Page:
Pakistan on Thursday categorically said it wanted an end to the controversy over a telephone call between Prime Minister Imran Khan and the US Secretary of State Mike Pompeo.
ISLAMABAD/WASHINGTON: Pakistan on Thursday categorically said it wanted an end to the controversy over a telephone call between Prime Minister Imran Khan and the US Secretary of State Mike Pompeo.
“We would want this episode to end. The foreign minister has already commented in detail. Politically, we need to move on,” Foreign Office Spokesman Dr Muhammad Faisal said in the weekly media briefing.
In the background is the fact that the US in a statement pointed out that Pompeo had raised the issue of “terrorism” with Khan, something that Pakistan categorically denied till a copy of the tape recording of the conversation was provided to the Foreign Office by the State Department.
Foreign Minister Shah Mehmood Qureshi has told the US that longstanding relations with the US were important to Pakistan and that he looked forward to welcoming Secretary Pompeo in Islamabad.
He told Ambassador Hale that his interactions with the US leadership would be based on honesty and sincerity, so as to develop a sustained partnership in the interest of both the countries.
Even before Mike Pompeo and General Joseph F. Dunford could reach Pakistan, the media was told in Washington that the US had “permanent interests in South Asia…and it wanted to maintain a presence to have influence in the region”.
The media was also told that ‘terrorism’ was an important issue for the US, which would be raised with their counterparts in Islamabad.
Pakistan says it looks forward to these interactions with the United States and in these meetings “Interests of both sides need to be considered and accommodated. The process of diplomacy is an endeavour to find common grounds to mutual satisfaction”.
Days ago, the outgoing US Ambassador David Hale said the objective of Secretary Pompeo’s visit was also because the United State was taking great interest in the prime minister's reform agenda — a readiness to turn the page.
When asked about the US reservations about payment for CPEC if the government went to the IMF for a bailout, and whether this would be raised during the upcoming talks, the spokesman said, “There is an economic wing in MoFA. In our view, the financial matters, especially any prospective decision regarding multilateral financial institutions, is an entirely different subject. Discussions with the US Secretary of State on the other hand will focus on all issues of mutual interest.”
Meanwhile, Secretary of Defense James Mattis has confirmed that Secretary of State Mike Pompeo and Chairman Joint Chiefs of Staff General Joseph Dunford will fly to Islamabad to meet the new government officials.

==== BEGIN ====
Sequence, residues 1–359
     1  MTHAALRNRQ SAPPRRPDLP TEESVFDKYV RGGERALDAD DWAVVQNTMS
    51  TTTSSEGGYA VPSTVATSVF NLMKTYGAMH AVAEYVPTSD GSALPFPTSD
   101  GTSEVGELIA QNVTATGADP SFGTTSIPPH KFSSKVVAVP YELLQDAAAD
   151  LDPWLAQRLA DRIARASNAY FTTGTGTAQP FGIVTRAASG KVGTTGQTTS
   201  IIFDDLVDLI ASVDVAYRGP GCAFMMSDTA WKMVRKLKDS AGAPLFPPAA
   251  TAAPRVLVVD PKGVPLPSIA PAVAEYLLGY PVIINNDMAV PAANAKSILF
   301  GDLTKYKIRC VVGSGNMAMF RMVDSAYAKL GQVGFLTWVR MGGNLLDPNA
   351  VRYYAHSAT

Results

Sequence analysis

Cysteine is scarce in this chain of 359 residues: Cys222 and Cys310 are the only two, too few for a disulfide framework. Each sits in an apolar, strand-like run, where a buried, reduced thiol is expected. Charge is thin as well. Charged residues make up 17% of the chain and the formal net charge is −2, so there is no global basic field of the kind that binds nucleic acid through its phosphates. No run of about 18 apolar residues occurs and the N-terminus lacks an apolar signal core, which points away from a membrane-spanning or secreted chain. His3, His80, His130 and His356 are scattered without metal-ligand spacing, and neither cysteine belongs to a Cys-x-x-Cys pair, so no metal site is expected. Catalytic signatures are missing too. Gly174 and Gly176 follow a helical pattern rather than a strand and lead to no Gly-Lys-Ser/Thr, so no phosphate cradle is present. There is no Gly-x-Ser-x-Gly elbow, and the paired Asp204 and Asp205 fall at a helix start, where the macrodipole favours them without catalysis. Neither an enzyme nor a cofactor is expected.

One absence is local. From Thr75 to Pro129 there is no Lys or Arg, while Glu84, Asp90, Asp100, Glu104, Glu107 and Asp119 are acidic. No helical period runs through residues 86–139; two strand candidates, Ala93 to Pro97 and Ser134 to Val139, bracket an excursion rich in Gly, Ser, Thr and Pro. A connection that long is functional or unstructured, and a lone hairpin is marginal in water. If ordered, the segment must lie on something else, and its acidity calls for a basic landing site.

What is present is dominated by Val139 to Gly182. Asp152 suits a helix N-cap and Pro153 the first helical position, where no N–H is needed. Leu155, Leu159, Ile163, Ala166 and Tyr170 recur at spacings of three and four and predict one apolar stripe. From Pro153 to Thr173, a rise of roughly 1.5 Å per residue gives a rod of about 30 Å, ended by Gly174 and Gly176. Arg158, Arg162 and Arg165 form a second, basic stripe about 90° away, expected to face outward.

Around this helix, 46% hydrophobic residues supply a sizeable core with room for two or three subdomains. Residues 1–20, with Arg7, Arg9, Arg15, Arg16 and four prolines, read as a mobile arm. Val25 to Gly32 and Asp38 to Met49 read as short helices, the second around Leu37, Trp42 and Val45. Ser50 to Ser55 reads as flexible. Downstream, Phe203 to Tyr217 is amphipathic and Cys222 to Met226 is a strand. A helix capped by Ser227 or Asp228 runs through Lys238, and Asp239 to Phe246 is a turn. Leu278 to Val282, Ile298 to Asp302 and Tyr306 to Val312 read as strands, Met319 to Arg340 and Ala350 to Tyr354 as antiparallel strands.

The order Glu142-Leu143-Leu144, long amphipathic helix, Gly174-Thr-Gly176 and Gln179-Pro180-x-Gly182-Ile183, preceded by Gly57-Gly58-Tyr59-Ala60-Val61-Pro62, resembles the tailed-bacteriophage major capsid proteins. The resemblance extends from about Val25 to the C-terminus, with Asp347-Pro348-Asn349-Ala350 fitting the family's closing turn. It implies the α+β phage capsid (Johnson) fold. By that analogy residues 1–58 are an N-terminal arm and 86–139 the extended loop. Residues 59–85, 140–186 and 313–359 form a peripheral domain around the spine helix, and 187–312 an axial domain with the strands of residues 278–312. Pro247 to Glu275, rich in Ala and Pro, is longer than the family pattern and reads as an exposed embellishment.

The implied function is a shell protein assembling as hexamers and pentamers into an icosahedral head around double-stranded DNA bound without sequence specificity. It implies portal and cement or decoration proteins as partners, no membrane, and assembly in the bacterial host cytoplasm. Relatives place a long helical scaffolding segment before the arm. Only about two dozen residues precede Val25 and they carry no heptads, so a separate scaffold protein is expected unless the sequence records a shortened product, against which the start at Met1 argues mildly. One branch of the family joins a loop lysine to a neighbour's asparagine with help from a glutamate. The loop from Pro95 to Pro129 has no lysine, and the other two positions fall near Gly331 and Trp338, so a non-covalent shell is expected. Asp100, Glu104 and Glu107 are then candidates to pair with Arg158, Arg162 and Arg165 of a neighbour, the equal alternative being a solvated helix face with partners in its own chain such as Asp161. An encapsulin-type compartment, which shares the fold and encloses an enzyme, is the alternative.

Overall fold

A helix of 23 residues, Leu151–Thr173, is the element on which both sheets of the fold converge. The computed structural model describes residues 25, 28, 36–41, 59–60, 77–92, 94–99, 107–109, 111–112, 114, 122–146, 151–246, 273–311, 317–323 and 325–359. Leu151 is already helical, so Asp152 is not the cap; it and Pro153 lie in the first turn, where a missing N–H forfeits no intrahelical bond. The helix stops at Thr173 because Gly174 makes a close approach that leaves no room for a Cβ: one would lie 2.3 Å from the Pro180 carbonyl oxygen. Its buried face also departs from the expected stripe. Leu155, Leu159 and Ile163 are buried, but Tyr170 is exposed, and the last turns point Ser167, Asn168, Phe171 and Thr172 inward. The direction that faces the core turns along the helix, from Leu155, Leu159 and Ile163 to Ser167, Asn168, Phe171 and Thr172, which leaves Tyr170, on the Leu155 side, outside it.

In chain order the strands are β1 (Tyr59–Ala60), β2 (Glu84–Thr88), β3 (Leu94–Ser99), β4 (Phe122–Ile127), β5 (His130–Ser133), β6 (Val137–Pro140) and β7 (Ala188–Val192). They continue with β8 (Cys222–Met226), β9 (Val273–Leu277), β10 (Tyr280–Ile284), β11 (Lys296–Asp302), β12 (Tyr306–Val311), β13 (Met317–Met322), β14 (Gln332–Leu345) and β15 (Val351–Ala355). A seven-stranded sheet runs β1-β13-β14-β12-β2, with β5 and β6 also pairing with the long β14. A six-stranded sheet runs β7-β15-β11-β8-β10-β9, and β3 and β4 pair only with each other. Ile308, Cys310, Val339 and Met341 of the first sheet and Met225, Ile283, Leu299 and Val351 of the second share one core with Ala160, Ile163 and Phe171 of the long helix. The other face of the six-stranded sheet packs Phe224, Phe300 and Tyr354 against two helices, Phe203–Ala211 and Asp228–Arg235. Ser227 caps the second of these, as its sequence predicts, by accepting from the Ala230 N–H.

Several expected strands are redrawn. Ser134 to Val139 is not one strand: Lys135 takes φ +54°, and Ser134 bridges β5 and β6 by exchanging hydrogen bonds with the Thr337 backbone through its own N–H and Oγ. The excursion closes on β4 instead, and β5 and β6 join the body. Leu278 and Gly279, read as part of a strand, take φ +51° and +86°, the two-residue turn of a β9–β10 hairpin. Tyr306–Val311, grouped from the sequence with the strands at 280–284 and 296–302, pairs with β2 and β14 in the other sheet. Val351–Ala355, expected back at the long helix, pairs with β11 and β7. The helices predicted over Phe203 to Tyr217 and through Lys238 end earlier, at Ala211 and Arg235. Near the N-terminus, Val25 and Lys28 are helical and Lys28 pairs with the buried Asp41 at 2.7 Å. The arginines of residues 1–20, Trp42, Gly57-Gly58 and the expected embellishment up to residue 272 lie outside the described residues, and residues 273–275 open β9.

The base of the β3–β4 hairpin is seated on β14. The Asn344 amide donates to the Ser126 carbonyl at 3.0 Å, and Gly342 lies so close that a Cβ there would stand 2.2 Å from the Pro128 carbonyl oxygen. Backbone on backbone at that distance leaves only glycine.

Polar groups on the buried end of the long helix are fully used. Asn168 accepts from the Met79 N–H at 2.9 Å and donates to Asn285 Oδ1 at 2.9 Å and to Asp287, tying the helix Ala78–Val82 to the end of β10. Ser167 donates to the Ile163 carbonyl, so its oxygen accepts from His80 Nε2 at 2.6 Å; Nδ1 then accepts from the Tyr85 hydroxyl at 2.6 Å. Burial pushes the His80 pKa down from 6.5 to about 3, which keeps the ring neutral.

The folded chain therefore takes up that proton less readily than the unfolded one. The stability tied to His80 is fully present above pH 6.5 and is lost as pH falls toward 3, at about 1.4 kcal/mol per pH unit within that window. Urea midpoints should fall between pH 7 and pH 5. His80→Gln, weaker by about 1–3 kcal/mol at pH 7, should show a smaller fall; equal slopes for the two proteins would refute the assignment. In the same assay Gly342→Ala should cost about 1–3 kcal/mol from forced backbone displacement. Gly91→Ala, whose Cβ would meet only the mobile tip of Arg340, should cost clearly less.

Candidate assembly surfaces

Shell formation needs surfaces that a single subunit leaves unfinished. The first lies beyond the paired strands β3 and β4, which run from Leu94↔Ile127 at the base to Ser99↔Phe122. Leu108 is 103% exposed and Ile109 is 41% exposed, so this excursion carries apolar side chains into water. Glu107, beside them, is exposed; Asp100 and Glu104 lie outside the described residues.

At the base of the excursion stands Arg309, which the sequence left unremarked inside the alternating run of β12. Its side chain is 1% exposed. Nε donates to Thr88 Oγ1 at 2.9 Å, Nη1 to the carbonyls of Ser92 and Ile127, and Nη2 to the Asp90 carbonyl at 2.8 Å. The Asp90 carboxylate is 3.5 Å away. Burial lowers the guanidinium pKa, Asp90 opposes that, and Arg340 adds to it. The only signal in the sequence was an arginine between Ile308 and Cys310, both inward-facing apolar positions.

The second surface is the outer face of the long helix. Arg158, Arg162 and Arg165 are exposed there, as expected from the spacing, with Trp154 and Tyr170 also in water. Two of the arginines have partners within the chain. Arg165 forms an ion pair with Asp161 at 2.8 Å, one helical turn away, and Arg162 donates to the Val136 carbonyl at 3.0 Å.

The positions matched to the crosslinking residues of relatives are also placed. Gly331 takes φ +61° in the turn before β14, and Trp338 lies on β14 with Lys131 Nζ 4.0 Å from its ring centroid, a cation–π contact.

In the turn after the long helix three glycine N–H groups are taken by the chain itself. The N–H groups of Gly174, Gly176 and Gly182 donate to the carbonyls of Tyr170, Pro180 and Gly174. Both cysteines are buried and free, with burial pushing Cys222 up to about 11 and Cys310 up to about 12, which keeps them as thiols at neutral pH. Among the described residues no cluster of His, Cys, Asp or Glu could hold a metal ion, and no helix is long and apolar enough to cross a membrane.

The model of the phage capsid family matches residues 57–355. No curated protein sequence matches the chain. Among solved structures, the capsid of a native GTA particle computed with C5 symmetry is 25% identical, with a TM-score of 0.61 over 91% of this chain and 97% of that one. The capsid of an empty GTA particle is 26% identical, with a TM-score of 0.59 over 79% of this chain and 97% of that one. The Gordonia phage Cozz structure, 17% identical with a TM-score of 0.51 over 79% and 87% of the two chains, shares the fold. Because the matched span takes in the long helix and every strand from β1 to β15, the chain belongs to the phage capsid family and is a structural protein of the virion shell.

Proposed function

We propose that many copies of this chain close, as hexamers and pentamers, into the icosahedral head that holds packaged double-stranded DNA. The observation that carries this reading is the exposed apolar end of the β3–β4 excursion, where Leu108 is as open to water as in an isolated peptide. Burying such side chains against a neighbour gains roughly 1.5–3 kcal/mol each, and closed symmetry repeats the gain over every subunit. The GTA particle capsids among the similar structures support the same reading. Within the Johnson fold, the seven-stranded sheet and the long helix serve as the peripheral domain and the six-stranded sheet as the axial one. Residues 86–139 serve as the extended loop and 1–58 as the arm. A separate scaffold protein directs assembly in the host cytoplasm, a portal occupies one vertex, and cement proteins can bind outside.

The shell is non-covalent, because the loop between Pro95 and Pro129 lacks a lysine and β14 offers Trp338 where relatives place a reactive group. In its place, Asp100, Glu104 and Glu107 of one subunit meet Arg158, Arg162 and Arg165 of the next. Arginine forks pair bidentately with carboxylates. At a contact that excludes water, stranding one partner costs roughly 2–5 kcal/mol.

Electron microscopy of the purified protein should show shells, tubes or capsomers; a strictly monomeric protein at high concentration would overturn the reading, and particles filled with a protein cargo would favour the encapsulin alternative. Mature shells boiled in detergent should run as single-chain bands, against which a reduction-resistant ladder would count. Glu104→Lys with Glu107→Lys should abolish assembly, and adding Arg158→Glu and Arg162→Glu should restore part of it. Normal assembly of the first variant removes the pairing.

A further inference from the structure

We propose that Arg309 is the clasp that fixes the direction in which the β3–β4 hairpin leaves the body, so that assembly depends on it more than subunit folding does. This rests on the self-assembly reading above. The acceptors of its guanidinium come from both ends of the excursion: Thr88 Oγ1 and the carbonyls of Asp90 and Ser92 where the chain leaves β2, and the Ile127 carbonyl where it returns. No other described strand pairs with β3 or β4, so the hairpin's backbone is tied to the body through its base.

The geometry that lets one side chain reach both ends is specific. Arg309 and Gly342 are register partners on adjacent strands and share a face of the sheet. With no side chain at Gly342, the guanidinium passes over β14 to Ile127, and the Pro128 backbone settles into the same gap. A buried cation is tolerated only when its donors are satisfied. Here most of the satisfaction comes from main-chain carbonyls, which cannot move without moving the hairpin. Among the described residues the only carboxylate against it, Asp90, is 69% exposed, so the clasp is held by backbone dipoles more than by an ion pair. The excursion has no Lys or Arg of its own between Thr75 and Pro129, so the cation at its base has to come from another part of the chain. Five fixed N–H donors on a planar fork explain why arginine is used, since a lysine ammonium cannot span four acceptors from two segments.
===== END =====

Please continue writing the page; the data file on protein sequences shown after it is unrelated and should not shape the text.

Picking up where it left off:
Answering a question during a rare media briefing at the Pentagon, Mattis said, "As far as Pakistan goes, the secretary of state and the chairman are going to fly to Islamabad to meet the new government that's in place there now."
Explaining the possible talking points of the meeting with Prime Minister Imran Khan, and other officials, the secretary said, "To make it very clear what we have to do, all of our nations, in meeting our common foe, the terrorists, and make that a primary part of the discussions."
During the briefing, Secretary Mattis announced that the United Arab Emirates and Qatar had joined the Nato-led campaign in Afghanistan as partners. "32 of the 39 nations which have already committed forces to the mission agreed to either increase or sustain the current force levels through 2019," he said.
He emphasised that the US was fully supporting the Afghan-led and Afghan-owned reconciliation efforts, and "hard fighting is going to convince the Taliban they must negotiate."
The secretary was joined by Chairman Dunford during the briefing, who said the US was going to maintain a presence to have influence in the region. "We have permanent interests in South Asia, diplomatic interests and security interests," he said, adding that "the diplomatic presence, the security presence, and the form of that presence is going to change over time."
Giving out an example, he said a few years ago, "we had over a hundred thousand US forces in Afghanistan and today we have about 14,000. So there will be a permanent diplomatic mission in Afghanistan. There'll be permanent diplomatic presence across South Asia, but I certainly don’t expect that the current forces that we have in Afghanistan represent an enduring large military commitment," Gen Dunford said.
The Trump administration has been hoping that increased military pressure will help bring the Taliban to either surrender or negotiate. The Taliban committed to proposed ceasefire earlier but refused to negotiate with the Afghan government. Defending the administration's strategy, Mattis said, "There are positive reasons to stick with the strategy, and we are going to drive this to a negotiated settlement."
He also dismissed that private military forces could replace the US Army troops in Afghanistan. Secretary Mattis and Secretary Pompeo are scheduled to reach New Delhi for a 2+2 dialogue with Indian leaders in the first week of September. Secretary Pompeo and Chairman Dunford are expected to have a layover in Islamabad on September 5, where both leaders will meet civilian and military leadership.